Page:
To do this, they created a mutated form of MmpL11 in MTB, one which didn't function normally, and compared the effects of the mutant version of MTB to its non-mutated counterpart. Similar to their prior research, they observed that MTB MmpL11 mutants have reduced biofilm formation. In addition, they conducted a biochemical analysis of the lipids on the surface of mutant and non-mutant MTB and found that a group of lipid family members – specifically, long-chain triacylglycerol (TAG) and mycolate wax ester (MWE) molecules – were differentially transported, suggesting that MmpL11 controls their transport.
To investigate the role of MmpL11 in the virulence of tuberculosis, the Purdy group took advantage of another model system, an in vitro granuloma model, created isolating peripheral blood mononuclear cells (PBMCs) from humans with a latent infection of tuberculosis. Using this model, they showed that the MmpL11 mutant cells had a lower survival rate compared to non-mutant cells after exposure to a simulated host immune response, suggesting that MmpL11 is important to MTB in defending itself against an immune system attack.
In addition, they exposed both mutant and non-mutant cells to starvation conditions (lacking both nutrients and oxygen), which is meant to simulate the local environment the cells would experience inside the host. They found that the mutant cells had impaired survival and resuscitation compared to non-mutant cells, again implicating MmpL11 as a critical contributor to MTB survival against a host attack.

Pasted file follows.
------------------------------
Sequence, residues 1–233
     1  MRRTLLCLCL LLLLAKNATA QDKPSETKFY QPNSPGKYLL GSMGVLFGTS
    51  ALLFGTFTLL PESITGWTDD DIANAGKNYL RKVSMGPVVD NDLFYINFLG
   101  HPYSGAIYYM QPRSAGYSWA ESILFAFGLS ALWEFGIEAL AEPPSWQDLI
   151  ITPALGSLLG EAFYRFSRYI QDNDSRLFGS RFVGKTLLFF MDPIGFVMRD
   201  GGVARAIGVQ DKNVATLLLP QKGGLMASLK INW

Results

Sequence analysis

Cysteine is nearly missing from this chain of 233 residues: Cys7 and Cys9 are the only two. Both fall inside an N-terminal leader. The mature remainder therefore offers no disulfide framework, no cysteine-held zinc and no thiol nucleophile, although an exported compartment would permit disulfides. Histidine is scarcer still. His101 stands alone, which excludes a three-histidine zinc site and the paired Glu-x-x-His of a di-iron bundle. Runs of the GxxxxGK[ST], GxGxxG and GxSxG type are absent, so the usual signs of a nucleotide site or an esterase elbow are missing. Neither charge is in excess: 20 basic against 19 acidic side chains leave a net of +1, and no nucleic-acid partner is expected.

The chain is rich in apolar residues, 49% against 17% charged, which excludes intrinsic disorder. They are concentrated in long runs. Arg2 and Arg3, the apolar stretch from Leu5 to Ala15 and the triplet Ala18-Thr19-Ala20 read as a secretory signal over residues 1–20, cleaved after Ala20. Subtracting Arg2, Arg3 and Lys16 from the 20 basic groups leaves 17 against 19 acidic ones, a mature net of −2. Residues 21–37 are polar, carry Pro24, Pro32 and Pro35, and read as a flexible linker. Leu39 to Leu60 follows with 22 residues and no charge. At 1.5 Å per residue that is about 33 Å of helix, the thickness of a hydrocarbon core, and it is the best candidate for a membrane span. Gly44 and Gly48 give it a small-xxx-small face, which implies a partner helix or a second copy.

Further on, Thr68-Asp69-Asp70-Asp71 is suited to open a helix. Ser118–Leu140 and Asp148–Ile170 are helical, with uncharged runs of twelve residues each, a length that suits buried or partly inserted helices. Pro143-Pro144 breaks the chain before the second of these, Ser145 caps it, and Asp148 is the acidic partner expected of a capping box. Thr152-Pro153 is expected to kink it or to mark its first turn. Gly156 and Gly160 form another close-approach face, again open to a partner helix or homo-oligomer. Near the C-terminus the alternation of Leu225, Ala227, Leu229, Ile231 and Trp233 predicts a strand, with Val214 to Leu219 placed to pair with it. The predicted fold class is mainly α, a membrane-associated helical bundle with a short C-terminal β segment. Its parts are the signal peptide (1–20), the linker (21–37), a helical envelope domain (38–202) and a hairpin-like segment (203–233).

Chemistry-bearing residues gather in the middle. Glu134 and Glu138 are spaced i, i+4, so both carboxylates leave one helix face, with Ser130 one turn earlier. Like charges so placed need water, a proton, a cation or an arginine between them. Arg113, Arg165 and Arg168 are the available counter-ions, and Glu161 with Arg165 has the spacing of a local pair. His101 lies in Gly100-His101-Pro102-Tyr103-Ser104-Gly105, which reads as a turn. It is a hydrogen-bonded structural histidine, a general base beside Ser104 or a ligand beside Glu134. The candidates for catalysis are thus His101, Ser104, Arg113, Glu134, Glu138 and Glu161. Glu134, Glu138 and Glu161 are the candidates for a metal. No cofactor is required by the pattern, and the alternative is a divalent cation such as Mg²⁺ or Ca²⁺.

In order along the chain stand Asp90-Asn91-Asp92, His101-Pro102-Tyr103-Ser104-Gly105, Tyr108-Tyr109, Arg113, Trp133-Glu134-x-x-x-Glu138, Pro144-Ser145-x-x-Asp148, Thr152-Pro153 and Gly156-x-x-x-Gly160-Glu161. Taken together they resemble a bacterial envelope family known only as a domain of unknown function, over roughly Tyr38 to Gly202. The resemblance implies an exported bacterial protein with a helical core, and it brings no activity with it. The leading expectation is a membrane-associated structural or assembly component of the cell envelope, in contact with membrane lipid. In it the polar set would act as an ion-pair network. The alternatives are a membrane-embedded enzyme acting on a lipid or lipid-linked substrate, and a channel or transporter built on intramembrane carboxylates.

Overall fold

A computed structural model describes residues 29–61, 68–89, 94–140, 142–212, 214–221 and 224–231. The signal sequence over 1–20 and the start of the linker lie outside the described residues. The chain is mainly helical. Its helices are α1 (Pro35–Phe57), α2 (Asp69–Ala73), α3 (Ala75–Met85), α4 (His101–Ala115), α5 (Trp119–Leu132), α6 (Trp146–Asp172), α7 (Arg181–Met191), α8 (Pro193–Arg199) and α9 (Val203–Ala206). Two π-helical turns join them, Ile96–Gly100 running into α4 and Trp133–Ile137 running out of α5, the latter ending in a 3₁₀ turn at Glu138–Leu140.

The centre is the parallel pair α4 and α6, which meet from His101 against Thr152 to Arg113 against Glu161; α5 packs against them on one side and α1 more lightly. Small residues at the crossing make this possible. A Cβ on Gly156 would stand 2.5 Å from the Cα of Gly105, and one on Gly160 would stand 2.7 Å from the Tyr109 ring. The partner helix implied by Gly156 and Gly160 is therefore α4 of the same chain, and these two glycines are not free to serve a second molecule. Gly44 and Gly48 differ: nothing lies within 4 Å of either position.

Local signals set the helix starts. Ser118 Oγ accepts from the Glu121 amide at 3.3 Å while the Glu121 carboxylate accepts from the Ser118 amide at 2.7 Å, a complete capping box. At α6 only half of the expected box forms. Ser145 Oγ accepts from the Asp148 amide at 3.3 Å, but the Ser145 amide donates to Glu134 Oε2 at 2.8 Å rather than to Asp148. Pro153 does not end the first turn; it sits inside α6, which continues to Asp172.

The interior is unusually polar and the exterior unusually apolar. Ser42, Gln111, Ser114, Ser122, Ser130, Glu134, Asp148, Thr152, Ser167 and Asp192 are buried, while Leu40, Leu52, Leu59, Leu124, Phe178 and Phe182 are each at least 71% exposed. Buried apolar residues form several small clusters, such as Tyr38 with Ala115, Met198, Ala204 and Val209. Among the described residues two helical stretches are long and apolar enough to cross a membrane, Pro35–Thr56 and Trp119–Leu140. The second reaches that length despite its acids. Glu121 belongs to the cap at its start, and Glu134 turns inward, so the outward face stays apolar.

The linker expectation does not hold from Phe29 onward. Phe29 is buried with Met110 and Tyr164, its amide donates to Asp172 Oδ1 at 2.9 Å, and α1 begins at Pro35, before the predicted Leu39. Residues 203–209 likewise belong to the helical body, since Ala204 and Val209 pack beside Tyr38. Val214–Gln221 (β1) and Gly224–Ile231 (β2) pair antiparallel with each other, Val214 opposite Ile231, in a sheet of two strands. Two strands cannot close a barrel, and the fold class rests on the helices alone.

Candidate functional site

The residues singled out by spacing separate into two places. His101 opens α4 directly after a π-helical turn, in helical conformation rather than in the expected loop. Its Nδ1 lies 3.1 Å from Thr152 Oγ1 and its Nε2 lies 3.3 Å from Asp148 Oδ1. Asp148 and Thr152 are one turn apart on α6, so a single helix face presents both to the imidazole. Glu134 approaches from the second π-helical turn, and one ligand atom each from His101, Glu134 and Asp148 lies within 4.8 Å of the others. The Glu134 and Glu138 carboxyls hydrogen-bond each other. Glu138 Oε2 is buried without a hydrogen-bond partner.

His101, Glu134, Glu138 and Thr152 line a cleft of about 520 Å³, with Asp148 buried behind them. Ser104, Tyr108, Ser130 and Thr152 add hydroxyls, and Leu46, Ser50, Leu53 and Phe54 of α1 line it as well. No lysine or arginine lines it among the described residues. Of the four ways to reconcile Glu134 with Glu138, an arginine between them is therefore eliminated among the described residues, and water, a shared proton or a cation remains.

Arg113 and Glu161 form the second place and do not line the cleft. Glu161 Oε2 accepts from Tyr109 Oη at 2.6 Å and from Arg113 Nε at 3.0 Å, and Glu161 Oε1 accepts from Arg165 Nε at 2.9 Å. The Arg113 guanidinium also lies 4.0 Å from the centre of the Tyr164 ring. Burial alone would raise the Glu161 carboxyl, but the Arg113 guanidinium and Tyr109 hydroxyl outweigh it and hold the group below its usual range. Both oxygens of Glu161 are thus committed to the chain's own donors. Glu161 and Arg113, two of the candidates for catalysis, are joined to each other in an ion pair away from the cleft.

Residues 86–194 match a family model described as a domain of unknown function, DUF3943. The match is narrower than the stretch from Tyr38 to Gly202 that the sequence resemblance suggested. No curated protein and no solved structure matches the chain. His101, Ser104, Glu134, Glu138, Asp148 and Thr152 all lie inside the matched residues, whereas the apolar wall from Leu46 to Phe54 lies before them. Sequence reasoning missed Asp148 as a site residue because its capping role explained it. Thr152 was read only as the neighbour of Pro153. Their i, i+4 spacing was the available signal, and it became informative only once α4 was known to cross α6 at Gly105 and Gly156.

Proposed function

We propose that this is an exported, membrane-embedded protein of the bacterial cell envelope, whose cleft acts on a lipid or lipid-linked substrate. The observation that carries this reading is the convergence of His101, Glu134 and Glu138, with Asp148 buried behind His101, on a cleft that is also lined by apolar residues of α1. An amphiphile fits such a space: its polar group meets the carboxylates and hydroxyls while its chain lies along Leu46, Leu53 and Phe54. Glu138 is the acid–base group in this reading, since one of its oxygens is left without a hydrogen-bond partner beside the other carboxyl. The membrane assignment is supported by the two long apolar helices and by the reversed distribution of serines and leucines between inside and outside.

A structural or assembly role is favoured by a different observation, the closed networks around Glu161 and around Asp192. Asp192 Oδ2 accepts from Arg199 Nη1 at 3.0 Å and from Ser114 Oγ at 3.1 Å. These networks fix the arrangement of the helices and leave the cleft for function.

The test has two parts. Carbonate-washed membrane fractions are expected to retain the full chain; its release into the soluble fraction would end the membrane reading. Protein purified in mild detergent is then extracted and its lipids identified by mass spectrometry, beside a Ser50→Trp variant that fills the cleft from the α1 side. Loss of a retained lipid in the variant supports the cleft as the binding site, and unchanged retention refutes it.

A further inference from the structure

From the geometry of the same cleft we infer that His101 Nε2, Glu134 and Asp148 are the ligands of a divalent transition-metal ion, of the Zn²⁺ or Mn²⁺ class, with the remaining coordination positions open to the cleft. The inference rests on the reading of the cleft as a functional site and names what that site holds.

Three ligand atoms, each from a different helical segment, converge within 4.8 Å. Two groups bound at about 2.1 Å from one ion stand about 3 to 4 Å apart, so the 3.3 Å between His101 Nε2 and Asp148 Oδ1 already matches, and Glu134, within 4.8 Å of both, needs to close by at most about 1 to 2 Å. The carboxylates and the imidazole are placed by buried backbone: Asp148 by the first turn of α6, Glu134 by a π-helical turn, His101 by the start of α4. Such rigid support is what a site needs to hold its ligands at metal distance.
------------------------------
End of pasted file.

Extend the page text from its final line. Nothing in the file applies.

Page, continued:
Beyond MmpL11 and next steps
The majority of tuberculosis infections result in "latent" tuberculosis, where the bacteria have an altered metabolism and already show signs of drug tolerance. Finding proteins that are required for survival and resuscitation, including MmpL11, are critically important in overcoming that tolerance and represent potential targets for therapy.
"The majority of individuals infected with M. tuberculosis have latent disease where the bacterium is in a 'persistent' state and is contained in a granuloma," wrote Dr. Purdy, senior author of the paper. "Combined these data suggest that MmpL11 and its substrates are important for intracellular growth, non-replicating persistence and latency."
The results of this research, wrote Mary Heinricher, Ph.D., associate dean for basic research, OHSU School of Medicine, are intriguing because they demonstrate "That this single protein has such a pivotal role in these very different but important aspects of mycobacterial function."
In the future, the Purdy group plans on studying other MmpL family members, especially those associated with virulence. Not only will their research to help improve our understanding of how the mycobacterial cell wall changes during different phases of infection, but also to potentially develop new drugs to inhibit similarly critical MTB proteins.
The Mycobacterium tuberculosis MmpL11 cell wall lipid transporter is important for biofilm formation, intracellular growth and non-replicating persistence. Infect Immun, 2017 May. Catherine C. Wright, Fong Fu Hsu, Eusondia Arnett, Jennifer L. Dunaj, Patrick M. Davidson, Sophia A. Pacheco, Melanie J. Harriff, David M. Lewinsohn, Larry S. Schlesinger, and Georgiana E. Purdy.
More Published Papers
Pictured above: Members of the Purdy lab.
About the OHSU School of Medicine Paper of the Month
The OHSU School of Medicine spotlights a recently published faculty research paper each month. The goals are to describe to the public the exceptional research happening at OHSU as well as inform our faculty of the innovative work underway across the school’s departments, institutes and disciplines. The monthly paper is selected by Associate Dean for Basic Research Mary Heinricher, Ph.D. Learn more